I’ve had a good day today. A very good day.
I made my daily schlep through to Dundee (from Edinburgh, which isn’t as fun as you might think when you need to make it in to classes for 9am). I had grand plans of plonking myself down in the workshop and making up some metal work samples, but ended up going along to a lecture by Patrick Ian Hartley instead.
I’ll admit it, I had no idea who he was, although it had been mentioned in tutorials last week that he was coming along to lecture and that he did some very interesting work in facial corsetry. Friends on my course had poked me to go along because they thought I’d find it interesting. And I did. I kind of fell in love, just a teensy bit…
Patrick specializes in bespoke Face Corsets, facial garments, apparel, artifact, and masks. He has designed and created facial attire for Lady Gaga, shot by iconic British fashion photographer Nick Knight and featured by the internationally renowned SHOWstudio. His designs have been showcased in leading fashion publications styled by Simon Foxton, Jonathan Kaye and Panos Yiapanis.
His work certainly striking, but what really captured my interest was Project Facade. Project Facade is considered a landmark science/art collaborative project combining and interpreting elements of surgical, social and military history with a contemporary art making process. The outcome of Paddy’s Project Facade has been to bring the untold histories of WWI servicemen treated for horrific facial injuries to a broad national and international audience.
The project evolved from his work on Bioglass facial implants which triggered his interest in facial reconstructive surgery. His research led him to the Gillies Archives, which was at one time considered most complete archive of medical notes from the Great War in the world. The archives are home to over 2500 medical records made by pioneering facial surgeon Sir Harold Gillies of the Commonwealth servicemen he and his surgical team treated for horrific facial injuries sustained in battle.Calling on the skills of artists, photographers and sculptors in the documentation and pre-operative planning for surgeries, Gillies brought together specialists in bone graft and skin grafting, dental surgeons and technicians. Not to mention pioneering many facial reconstructive techniques. Gillies and his team treated over 5000 servicemen and it is considered that he advanced the discipline of plastic surgery by 50 years thanks to the developments made in the treatment of so many patients in such a short period of time.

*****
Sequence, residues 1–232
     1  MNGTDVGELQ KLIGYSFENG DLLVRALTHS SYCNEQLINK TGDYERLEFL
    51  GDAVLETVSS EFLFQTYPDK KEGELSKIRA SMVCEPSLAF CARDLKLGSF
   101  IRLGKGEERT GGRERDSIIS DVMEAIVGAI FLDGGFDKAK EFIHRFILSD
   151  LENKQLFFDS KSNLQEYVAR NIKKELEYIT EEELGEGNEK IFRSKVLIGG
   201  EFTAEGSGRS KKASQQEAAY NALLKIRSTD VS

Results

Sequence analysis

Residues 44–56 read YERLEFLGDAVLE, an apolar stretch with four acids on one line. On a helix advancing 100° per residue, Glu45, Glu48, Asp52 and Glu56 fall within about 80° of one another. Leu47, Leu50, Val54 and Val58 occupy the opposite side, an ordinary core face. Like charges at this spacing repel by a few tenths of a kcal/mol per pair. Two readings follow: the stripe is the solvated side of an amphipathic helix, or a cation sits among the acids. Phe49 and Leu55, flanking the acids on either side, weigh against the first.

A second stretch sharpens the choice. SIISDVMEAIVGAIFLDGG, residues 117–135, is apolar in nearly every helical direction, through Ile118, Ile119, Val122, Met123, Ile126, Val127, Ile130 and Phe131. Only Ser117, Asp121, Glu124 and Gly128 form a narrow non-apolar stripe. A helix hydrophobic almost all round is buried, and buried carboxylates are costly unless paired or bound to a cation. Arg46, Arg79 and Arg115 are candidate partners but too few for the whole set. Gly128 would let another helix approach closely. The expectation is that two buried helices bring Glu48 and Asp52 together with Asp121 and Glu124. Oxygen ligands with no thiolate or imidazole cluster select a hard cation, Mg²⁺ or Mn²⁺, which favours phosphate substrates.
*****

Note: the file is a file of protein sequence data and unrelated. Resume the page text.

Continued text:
Hartley’s goal was to make work, which would translate the medical records of a selection of Gillies patients, and to conduct research into their pre and post operative lives. Where the medical records describe the multiple surgeries the servicemen underwent, very little is known about the servicemen themselves and how they went on to live the rest of their lives after receiving such horrific injuries and groundbreaking surgery. Vintage uniforms would act as canvas and embroidery as the means of combining and communicating newly discovered information about the men. The fabric and stitch of the uniforms related directly to the skin, tissue and stitch Gillies with which Gillies worked.
It’s really powerful, moving stuff. For those of you who would like to find out more, please visit www.paddyhartley.com .